Hat tip to pemeliza for sending this along from WSJ/Marketwatch:
Recent research suggests that properties near foreclosures normally suffer falling home prices, but a new paper from the Federal Reserve Bank of Atlanta challenges the claim.
It’s the condition of the distressed property progressing through the foreclosure process that weighs most heavily on home prices in the area, not the finality of foreclosure itself, the study found. The negative effect on nearby home prices actually peaks before the distressed property even completes the foreclosure process.
After foreclosure, when a lender-owned property is in below-average condition, nearby houses will trade at lower prices; when it’s above average condition, nearby homes will trade at higher prices.
But even then, if there’s a delinquency or foreclosure down the street, there’s not a huge economic effect on the prices of nearby homes.
The study found that a property in serious delinquency for less than a year or a property foreclosed on and now owned by the bank reduces values of homes within a tenth of a mile by about 0.5% to 1%, “an amount that would most likely go unnoticed by the typical seller who does not have many distressed homeowners living nearby,” according to the report. Researchers analyzed housing information, including public records in 15 metropolitan areas, with a focus on single-family homes.
“We find that while properties in virtually all stages of distress have statistically significant, negative effects on nearby home values, the magnitudes are economically small, peak before the distressed properties complete the foreclosure process, and go to zero about a year after the bank sells the property to a new homeowner,” the authors wrote in the report.
“The estimates are very sensitive to the condition of the distressed property, with a positive correlation existing between house price growth and foreclosed properties identified as being in ‘above average’ condition.”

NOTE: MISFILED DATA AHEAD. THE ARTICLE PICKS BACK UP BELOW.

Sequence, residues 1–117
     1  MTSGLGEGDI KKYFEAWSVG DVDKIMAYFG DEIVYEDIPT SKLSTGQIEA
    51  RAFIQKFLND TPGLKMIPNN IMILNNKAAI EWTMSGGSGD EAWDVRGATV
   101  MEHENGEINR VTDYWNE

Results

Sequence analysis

It’s assumed that the owners of the distressed properties aren’t making as much investment in their properties or are doing as much general upkeep as foreclosure looms. And that’s what’s impacting nearby prices.
“The most important take-away is the effect [on nearby home prices] starts when the property is delinquent. It’s not the foreclosure itself that is the problem,” said Paul S. Willen, an economist at the Federal Reserve Bank of Boston and co-author of the report, in an interview.
In order to minimize the effects that foreclosures have on the surrounding area, it’s best to minimize the time that a property spends in serious delinquency and in bank-owned status, the authors concluded. To do that means accelerating the foreclosure process and putting pressure on lenders to sell bank-owned properties more quickly.
Moreover, policies that delay foreclosures, slowing down the transition from delinquency to foreclosure, don’t protect the neighbors, Willen said. These policies are exacerbating the effect of distressed properties.
“When you talk with community groups… they’re aware that long, drawn-out foreclosures are not good for the community,” Willen said. “The first choice is for the foreclosure to be prevented in a way that is good for the investor and the homeowner. Failing that, it’s good to get this process done it a faster, more humane way.”